Step 3: Make Exercise Part of Your Routine

Regular exercise can be challenging if you have mobility issues, but it’s necessary to keep your blood sugar from spiking.

Try to get at least 150 minutes of moderate-intensity exercise each week. That equates to about 21 minutes of physical activity every day, or 30 minutes of physical activity Monday through Friday. 

Exercising doesn’t need to be complicated. Do something that you enjoy, such as brisk walking, cycling, swimming, or dancing. 

Carewell Tip

Before starting any new exercise program, talk with your doctor. They can make recommendations that align with your abilities and current fitness level. 

Step 3: Monitor and Manage Your Weight

Being obese or above a healthy weight increases your risk of high blood sugar. Thankfully, you don’t have to lose an extreme amount of weight to see positive results.

“Even a modest weight loss of 5%-10% of your body weight can make a significant difference,” Sabat explains.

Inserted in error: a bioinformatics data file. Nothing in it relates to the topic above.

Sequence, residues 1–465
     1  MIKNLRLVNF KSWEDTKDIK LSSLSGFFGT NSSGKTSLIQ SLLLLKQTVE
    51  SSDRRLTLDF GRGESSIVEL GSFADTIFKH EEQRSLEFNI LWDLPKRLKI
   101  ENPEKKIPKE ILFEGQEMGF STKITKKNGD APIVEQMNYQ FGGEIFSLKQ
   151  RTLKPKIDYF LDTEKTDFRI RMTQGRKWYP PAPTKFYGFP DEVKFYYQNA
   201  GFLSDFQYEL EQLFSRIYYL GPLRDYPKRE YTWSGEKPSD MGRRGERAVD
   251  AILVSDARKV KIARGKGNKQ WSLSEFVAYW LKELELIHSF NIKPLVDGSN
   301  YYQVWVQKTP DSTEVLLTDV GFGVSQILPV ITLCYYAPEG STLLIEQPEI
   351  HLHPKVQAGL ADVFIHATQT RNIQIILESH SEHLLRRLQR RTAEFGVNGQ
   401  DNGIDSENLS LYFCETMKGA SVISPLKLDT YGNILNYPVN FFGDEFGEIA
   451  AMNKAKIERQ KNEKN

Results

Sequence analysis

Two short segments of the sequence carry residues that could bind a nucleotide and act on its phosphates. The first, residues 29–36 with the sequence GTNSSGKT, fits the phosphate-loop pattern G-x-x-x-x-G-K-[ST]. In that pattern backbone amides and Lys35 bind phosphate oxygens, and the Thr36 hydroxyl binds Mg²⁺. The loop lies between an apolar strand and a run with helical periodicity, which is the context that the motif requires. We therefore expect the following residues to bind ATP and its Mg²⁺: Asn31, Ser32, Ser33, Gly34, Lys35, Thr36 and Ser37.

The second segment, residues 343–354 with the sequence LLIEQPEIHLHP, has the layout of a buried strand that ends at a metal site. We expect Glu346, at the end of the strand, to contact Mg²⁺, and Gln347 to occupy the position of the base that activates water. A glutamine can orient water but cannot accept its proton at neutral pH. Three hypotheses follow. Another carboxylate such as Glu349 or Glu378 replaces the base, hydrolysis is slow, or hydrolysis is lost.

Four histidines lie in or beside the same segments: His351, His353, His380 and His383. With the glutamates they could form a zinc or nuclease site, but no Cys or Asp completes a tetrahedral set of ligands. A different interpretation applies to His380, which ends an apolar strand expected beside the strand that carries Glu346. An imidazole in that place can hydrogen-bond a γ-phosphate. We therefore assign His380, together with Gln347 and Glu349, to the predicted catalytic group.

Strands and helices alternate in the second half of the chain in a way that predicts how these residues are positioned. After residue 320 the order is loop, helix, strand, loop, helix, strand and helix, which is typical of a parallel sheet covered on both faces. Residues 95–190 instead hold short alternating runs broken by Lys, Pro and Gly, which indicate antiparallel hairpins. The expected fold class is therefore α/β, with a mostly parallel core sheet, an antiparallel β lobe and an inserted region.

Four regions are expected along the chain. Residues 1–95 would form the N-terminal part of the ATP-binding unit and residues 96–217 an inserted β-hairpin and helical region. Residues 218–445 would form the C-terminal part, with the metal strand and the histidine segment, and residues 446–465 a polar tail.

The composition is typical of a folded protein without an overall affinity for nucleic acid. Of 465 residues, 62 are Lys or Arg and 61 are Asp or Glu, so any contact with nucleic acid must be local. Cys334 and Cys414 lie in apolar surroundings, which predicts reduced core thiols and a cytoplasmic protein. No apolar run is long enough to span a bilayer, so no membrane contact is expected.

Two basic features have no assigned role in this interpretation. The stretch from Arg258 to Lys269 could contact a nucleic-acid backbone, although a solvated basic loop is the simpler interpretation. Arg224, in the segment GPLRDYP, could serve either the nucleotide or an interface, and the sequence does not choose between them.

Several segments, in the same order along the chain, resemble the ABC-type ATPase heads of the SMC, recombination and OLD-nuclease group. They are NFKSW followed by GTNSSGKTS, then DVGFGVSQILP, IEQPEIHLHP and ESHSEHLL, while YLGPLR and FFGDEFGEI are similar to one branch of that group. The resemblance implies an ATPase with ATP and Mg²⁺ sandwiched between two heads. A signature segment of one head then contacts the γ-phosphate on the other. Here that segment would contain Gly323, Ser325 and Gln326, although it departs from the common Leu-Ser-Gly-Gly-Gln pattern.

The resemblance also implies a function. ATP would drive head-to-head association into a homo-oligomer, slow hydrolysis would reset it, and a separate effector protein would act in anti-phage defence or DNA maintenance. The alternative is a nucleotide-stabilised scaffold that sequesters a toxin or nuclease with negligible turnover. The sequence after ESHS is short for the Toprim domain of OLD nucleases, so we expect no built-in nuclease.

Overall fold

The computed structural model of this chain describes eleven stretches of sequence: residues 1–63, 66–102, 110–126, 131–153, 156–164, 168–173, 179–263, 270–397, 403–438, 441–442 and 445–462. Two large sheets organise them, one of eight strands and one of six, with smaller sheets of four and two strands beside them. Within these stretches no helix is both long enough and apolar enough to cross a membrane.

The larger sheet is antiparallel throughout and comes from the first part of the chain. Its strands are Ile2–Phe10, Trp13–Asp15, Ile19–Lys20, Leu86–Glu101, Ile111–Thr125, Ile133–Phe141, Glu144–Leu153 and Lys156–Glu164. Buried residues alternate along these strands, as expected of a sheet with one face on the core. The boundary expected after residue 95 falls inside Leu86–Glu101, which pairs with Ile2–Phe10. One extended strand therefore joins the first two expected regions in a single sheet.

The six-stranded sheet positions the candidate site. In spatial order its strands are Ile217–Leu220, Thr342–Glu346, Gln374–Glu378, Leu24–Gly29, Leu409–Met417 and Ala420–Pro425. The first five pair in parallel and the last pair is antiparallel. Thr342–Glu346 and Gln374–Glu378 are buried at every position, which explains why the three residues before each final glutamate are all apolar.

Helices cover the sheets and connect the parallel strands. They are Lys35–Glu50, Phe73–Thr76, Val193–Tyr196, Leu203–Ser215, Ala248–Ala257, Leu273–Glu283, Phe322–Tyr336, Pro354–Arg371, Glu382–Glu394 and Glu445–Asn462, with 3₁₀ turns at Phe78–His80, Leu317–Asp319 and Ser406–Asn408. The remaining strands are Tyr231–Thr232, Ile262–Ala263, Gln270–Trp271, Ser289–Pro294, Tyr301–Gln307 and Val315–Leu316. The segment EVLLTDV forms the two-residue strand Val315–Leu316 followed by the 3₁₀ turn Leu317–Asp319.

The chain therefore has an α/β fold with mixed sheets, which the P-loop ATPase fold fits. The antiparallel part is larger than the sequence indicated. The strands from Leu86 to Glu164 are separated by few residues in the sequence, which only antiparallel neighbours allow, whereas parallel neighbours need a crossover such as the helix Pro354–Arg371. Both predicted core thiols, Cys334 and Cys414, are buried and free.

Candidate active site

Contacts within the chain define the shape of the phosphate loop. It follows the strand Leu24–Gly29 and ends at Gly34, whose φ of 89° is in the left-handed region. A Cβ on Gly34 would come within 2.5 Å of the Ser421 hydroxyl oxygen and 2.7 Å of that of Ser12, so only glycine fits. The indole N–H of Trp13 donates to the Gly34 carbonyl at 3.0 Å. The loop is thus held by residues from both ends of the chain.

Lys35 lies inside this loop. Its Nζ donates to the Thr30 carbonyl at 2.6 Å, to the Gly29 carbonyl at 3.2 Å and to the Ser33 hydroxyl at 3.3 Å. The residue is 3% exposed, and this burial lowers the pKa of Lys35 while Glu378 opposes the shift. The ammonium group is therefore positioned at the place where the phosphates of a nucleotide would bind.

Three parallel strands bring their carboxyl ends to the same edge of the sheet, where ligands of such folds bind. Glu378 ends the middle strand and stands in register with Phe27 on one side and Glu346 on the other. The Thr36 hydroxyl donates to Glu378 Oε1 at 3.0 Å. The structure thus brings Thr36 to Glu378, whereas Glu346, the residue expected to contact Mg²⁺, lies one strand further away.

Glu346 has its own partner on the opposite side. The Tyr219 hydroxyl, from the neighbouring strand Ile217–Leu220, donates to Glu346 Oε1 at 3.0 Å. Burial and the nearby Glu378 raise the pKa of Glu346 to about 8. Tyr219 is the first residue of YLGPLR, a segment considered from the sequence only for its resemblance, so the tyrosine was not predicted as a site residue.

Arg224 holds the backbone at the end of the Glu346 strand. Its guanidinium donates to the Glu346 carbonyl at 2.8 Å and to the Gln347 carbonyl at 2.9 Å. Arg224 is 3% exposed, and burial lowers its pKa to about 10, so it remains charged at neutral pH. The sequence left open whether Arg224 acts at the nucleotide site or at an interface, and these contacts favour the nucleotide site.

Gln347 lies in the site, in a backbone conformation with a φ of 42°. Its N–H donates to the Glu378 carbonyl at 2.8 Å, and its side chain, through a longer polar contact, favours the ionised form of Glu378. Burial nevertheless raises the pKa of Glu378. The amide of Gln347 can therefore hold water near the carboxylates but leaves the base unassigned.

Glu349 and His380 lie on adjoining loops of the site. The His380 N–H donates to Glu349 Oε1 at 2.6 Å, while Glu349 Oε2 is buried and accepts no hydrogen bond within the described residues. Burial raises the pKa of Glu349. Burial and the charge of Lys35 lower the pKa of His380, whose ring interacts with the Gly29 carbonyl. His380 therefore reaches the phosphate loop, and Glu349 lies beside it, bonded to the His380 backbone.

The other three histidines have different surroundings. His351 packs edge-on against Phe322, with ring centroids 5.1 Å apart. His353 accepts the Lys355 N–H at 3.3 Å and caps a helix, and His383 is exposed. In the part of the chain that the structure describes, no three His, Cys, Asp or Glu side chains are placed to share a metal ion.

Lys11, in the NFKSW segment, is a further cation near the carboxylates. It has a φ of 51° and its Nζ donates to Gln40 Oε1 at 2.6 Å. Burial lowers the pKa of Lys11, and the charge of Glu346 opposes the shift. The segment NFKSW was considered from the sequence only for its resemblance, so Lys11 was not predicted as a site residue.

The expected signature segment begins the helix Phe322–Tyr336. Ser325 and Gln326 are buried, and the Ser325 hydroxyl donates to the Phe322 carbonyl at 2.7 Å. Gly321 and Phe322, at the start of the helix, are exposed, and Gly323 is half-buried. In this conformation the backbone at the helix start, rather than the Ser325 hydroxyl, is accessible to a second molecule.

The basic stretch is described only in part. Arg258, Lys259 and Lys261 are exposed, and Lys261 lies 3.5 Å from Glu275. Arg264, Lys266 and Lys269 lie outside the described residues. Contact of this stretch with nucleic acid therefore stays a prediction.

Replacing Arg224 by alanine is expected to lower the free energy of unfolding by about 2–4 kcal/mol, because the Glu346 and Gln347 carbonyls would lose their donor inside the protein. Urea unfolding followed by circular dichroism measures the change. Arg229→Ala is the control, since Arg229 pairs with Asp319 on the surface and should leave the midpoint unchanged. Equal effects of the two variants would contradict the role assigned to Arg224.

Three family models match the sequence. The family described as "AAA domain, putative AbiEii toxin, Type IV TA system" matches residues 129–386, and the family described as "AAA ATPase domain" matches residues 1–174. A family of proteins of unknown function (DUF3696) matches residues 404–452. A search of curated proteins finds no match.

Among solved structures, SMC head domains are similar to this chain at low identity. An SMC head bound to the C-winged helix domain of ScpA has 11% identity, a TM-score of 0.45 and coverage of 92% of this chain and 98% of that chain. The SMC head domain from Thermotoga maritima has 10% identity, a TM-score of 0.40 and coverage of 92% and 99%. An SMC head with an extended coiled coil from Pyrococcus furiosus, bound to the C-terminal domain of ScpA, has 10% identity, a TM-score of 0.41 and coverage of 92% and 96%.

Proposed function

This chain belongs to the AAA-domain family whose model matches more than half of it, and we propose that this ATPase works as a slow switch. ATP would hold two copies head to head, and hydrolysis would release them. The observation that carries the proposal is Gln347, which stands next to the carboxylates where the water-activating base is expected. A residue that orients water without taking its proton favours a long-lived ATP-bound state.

Step 4: Take Your Medication as Prescribed

Some people with high blood sugar continue to experience spikes, even after making healthy lifestyle changes. If that’s the case, your doctor may prescribe medications, like metformin to help manage your blood sugar levels. 

Metformin lowers your insulin and blood sugar levels, reducing your risk of complications like nerve damage, vision loss, and kidney damage. 

“Always follow your doctor’s advice,” Sabat says. “And take prescribed medications as directed.”

Step 5: Evaluate Lifestyle Factors like Alcohol Consumption, Tobacco Use, and Sleep

Certain lifestyle factors, like drinking excessive amounts of alcohol and using tobacco increase your type 2 diabetes risk.

“Alcohol, when consumed in excess, can contribute to weight gain and increase blood sugar levels,” Sabat said. “Smoking and tobacco use are associated with insulin resistance and in turn, diabetes.”

Likewise, lack of sleep or poor sleep may disrupt insulin sensitivity and glucose metabolism. Sabat recommends talking to your doctor if you have insomnia or other issues that keep you from getting quality sleep.